An interesting read it was too. It made it clear to me that people choose their working processes to suit their personalities. It also made me think about something written on The Online Photographer about taking just a handful of pictures a year versus taking thousands. The theory being that each methodology results in a similar number of 'good' pictures per year. I'm sure this is true. I'm not so sure that the reason is as suggested - that deliberately taking few photographs ensures that you take more care over each one. I reckon the reason is (photography being a medium entirely based on selection - of subject, framing etc.) you pick out the same number no matter how many you have to choose from. It is possible, after all, to make bad photographs when you take great care over them.

Southam cites cases of setting up his laborious equipment and waiting for ages only to not take a photograph. More fool him. There are times when photographs don't reveal their worth until time has passed. One of the benefits of digital is that you can take these photographs without great cost. Given the price of sheet film I can understand a reluctance to waste a sheet. What I can't understand (because it isn't in my nature) is knowing what you want before you get it.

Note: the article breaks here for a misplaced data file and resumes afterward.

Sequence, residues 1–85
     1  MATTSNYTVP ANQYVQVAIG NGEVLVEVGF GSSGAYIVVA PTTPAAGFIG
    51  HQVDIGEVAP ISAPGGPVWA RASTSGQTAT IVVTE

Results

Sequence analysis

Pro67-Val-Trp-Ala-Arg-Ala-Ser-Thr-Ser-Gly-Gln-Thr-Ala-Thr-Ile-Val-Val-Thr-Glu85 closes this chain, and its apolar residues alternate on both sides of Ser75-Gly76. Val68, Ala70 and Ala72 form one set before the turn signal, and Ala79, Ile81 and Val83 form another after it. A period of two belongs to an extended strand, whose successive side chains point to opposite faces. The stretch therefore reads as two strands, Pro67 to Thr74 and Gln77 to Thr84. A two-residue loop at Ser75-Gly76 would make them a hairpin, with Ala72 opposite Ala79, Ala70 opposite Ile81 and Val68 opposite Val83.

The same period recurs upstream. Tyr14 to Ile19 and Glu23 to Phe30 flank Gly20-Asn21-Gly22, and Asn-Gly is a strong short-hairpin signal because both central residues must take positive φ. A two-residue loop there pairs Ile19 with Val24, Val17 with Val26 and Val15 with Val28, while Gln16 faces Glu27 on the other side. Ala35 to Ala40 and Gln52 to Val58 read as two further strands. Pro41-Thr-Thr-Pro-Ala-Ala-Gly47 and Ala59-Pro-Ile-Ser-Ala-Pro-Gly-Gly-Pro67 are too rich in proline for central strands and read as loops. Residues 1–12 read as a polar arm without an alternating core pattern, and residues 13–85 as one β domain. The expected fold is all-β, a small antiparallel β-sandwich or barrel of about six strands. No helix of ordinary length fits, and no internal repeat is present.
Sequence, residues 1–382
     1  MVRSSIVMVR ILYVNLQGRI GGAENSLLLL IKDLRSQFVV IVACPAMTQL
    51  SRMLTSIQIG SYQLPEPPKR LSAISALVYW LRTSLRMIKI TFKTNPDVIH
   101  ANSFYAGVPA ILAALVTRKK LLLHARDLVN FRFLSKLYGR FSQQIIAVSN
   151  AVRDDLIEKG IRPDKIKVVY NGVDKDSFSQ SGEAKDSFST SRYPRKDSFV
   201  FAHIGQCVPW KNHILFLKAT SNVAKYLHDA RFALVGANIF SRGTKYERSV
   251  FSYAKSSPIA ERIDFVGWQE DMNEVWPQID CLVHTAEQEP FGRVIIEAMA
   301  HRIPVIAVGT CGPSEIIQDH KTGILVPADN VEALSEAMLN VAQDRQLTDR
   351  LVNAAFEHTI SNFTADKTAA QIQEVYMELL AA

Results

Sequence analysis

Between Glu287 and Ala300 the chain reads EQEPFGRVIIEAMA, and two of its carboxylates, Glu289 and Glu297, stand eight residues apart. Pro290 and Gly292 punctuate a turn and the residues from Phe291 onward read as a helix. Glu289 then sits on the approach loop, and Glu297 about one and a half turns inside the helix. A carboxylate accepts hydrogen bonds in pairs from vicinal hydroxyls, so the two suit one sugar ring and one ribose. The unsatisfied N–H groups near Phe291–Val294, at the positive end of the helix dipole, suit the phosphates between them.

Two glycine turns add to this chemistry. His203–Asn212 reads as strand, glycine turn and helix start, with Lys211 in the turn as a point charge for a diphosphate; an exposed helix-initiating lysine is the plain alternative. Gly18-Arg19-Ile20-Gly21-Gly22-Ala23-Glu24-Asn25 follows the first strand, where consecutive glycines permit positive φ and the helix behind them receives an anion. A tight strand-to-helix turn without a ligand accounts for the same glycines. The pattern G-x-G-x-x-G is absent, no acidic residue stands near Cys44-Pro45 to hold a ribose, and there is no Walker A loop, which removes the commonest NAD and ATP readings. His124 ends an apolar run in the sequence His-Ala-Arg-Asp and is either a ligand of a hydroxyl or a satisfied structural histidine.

I have thought up a number of photographic projects which I'll never take anywhere because I can visualise the results in my mind's eye. For me they already exist. Turning these projects into hard copy would be a chore. This is probably why the river project withered on the vine. If I had thought up the Gone Out series in advance it would never have been made. As the idea occurred to me on the spur of the moment, when I had a camera with me, it got done.

My other ongoing projects have come about because they sort of grew out of what and where I was photographing. I have feelings of what they are about, but no fixed ideas. The quarry photographs have coalesced into a format quite quickly. Nonetheless putting the best images together on the computer this week has revealed a few holes which need filling. If the sun ever shines again I'll go and fill them. I know the sort of pictures I need, but not the precise images. This is what photography is all about for me. It's an excuse to go looking around the world, even if it's just my parochial part of it.

Seeing, looking and recording. That's the essence of my photography. It's as much as to make me ask myself why I took my photographs as to show other people what I have seen. I guess this is why I take more than a handful of photographs each year. I like looking and seeing.

Tuesday, 19 March 2013

My work is almost done